Use of non-steroidal anti-inflammatory drugs and risk of death from COVID-19: An OpenSAFELY cohort analysis based on two cohorts

Angel Y.S. Wong, Brian MacKenna, Caroline E. Morton, Anna Schultze, Alex J. Walker, Krishnan Bhaskaran, Jeremy P. Brown, Christopher T. Rentsch, Elizabeth Williamson, Henry Drysdale, Richard Croker, Seb Bacon, William Hulme, Chris Bates, Helen J. Curtis, Amir Mehrkar, David Evans, Peter Inglesby, Jonathan Cockburn, Helen I. McDonaldLaurie Tomlinson, Rohini Mathur, Kevin Wing, Harriet Forbes, Rosalind M. Eggo, John Parry, Frank Hester, Sam Harper, Stephen J.W. Evans, Liam Smeeth, Ian J. Douglas, Ben Goldacre

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64 Citations (SciVal)


To assess the association between routinely prescribed non-steroidal anti-inflammatory drugs (NSAIDs) and deaths from COVID-19 using OpenSAFELY, a secure analytical platform. We conducted two cohort studies from 1 March to 14 June 2020. Working on behalf of National Health Service England, we used routine clinical data in England linked to death data. In study 1, we identified people with an NSAID prescription in the last 3 years from the general population. In study 2, we identified people with rheumatoid arthritis/osteoarthritis. We defined exposure as current NSAID prescription within the 4 months before 1 March 2020. We used Cox regression to estimate HRs for COVID-19 related death in people currently prescribed NSAIDs, compared with those not currently prescribed NSAIDs, accounting for age, sex, comorbidities, other medications and geographical region. In study 1, we included 536 423 current NSAID users and 1 927 284 non-users in the general population. We observed no evidence of difference in risk of COVID-19 related death associated with current use (HR 0.96, 95% CI 0.80 to 1.14) in the multivariable-adjusted model. In study 2, we included 1 708 781 people with rheumatoid arthritis/osteoarthritis, of whom 175 495 (10%) were current NSAID users. In the multivariable-adjusted model, we observed a lower risk of COVID-19 related death (HR 0.78, 95% CI 0.64 to 0.94) associated with current use of NSAID versus non-use. We found no evidence of a harmful effect of routinely prescribed NSAIDs on COVID-19 related deaths. Risks of COVID-19 do not need to influence decisions about the routine therapeutic use of NSAIDs.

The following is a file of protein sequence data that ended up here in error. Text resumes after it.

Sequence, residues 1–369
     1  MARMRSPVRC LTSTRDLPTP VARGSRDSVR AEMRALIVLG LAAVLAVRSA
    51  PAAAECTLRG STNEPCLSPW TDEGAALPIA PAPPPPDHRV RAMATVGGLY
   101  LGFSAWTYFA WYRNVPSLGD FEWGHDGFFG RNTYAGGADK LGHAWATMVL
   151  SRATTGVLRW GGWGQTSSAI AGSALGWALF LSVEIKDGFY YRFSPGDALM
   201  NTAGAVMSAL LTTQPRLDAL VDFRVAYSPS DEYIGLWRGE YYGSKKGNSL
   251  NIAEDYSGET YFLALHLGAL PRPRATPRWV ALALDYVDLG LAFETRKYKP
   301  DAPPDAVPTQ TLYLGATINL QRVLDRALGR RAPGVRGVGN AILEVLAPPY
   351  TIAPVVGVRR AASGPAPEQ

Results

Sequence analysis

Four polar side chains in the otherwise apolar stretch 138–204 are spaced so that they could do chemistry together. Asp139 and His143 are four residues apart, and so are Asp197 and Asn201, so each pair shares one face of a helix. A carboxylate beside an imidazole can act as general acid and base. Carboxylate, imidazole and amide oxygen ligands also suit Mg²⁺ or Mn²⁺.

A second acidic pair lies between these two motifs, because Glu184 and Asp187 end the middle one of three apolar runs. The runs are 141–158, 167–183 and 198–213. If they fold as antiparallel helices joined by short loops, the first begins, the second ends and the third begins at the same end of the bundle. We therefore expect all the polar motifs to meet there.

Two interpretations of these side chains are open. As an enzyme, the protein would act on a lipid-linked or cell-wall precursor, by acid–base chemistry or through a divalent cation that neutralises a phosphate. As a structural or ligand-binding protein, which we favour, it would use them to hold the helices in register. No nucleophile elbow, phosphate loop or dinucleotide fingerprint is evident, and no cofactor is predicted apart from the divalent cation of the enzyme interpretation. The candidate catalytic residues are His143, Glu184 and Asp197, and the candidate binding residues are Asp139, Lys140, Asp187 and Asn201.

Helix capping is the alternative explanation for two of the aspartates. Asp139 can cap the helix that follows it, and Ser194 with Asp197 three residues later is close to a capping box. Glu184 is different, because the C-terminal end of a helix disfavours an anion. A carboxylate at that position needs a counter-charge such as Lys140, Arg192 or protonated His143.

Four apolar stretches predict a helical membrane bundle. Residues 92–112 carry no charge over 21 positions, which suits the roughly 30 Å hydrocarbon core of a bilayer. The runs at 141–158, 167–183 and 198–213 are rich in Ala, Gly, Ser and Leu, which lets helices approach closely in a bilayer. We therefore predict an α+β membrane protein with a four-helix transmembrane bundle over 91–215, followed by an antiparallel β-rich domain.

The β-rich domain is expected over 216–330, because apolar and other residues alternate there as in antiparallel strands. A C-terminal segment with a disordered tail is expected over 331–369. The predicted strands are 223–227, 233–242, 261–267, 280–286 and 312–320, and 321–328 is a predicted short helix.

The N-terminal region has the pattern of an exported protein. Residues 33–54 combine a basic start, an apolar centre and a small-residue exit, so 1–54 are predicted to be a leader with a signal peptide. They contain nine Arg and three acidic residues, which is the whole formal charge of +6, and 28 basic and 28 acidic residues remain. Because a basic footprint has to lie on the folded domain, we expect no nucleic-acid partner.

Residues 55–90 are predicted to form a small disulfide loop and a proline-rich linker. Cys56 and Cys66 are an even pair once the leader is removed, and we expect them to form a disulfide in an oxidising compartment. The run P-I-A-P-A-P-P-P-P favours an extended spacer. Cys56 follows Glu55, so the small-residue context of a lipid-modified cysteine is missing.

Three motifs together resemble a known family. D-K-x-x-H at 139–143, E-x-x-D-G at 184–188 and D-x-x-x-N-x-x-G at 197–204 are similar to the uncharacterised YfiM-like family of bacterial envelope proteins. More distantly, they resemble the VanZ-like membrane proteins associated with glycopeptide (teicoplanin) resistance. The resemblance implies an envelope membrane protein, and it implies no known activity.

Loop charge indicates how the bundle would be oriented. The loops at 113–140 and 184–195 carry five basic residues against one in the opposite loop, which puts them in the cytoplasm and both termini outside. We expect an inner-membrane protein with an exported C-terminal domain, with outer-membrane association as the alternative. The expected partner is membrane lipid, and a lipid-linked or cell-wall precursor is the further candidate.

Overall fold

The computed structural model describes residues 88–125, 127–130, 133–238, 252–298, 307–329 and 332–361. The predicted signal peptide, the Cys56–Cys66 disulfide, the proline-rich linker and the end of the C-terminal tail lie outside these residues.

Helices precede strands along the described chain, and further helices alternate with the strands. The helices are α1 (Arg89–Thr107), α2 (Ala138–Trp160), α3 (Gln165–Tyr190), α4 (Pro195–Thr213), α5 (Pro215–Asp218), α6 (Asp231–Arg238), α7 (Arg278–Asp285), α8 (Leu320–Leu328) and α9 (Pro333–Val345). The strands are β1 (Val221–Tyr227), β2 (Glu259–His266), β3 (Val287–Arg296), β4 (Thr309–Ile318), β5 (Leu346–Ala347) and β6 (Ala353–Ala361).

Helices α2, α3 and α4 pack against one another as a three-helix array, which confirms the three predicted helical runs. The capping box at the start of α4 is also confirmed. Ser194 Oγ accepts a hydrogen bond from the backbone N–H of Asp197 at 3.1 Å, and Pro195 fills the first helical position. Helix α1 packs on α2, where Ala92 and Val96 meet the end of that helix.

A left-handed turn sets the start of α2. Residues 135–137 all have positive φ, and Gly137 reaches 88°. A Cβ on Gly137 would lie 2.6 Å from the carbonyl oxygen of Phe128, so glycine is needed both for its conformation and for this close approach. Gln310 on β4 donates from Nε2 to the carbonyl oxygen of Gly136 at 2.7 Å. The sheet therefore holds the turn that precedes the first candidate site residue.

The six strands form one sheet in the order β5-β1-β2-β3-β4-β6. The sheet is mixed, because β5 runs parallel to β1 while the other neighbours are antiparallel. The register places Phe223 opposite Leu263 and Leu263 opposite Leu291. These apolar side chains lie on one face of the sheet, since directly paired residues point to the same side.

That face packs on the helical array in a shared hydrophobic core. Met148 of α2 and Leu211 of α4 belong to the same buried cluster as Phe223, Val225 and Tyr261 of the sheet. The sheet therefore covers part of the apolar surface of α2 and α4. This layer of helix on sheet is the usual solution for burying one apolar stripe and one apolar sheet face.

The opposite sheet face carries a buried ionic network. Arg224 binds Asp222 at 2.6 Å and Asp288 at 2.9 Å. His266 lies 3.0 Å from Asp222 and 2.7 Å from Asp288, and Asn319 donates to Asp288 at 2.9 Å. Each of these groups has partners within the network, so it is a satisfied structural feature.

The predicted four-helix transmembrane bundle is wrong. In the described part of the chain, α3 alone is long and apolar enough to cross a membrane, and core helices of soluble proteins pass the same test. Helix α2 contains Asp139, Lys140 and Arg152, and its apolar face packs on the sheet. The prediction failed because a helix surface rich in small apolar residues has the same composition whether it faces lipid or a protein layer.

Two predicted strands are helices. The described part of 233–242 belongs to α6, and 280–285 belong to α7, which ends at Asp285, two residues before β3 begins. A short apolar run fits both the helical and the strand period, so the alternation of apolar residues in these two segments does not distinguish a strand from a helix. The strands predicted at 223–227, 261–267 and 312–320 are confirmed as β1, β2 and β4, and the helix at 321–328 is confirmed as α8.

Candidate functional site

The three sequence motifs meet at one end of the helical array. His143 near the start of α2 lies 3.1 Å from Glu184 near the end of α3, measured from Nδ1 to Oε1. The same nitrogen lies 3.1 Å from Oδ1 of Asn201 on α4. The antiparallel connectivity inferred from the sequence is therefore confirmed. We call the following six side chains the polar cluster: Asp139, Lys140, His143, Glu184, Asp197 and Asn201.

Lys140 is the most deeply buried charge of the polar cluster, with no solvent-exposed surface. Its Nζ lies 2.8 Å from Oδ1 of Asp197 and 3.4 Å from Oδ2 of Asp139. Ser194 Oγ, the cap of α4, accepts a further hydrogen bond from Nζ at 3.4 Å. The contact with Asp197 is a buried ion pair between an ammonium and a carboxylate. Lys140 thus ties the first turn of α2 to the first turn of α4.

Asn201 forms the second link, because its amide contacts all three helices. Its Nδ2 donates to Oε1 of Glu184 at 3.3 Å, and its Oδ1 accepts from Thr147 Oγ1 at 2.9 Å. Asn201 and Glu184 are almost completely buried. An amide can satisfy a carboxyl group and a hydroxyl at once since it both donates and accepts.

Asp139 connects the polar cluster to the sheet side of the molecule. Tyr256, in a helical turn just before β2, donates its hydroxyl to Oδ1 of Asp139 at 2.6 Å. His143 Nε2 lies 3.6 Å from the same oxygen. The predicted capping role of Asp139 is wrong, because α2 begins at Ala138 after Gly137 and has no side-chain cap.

Original languageEnglish
Pages (from-to)943-951
Number of pages9
JournalAnnals of the Rheumatic Diseases
Issue number7
Early online date21 Jan 2021
Publication statusPublished - 17 Jun 2021
Externally publishedYes

Bibliographical note

Funding Information:
Competing interests BG has received research funding from Health Data

Funding Information:
Funding TPP provided technical expertise and infrastructure within their data centre pro bono in the context of a national emergency. BG’s work on better use of data in healthcare more broadly is currently funded in part by: National Institute for Health Research (NIHR) Oxford Biomedical Research Centre, NIHR Applied Research Collaboration Oxford and Thames Valley, the Mohn-Westlake Foundation, NHS England and the Health Foundation; all DataLab staff are supported by BG’s grants on this work. LS reports grants from Wellcome, MRC, NIHR, UKRI, British Council, GlaxoSmithKline, British Heart Foundation, and Diabetes UK outside this work. AYSW holds a fellowship from British Heart Foundation. JPB is funded by a studentship from GlaxoSmithKline. AS is employed by London School of Hygiene and Tropical Medicine on a fellowship sponsored by GlaxoSmithKline. KB holds a Sir Henry Dale fellowship jointly funded by Wellcome and the Royal Society (107731/Z/15/Z)). HIM is funded by the National Institute for Health Research (NIHR) Health Protection Research Unit in Immunisation, a partnership between Public Health England and London School of Hygiene and Tropical Medicine. RM holds a Sir Henry Wellcome fellowship (201375/Z/16/Z)). EW holds grants from MRC. RG holds grants from NIHR and MRC. ID holds grants from NIHR and GlaxoSmithKline. HF holds a UKRI fellowship.

Publisher Copyright:
© Author(s) (or their employer(s)) 2021. Re-use permitted under CC BY. Published by BMJ.


  • arthritis
  • COVID-19
  • epidemiology
  • osteoarthritis
  • rheumatoid

ASJC Scopus subject areas

  • Rheumatology
  • Immunology and Allergy
  • Immunology
  • Biochemistry, Genetics and Molecular Biology(all)


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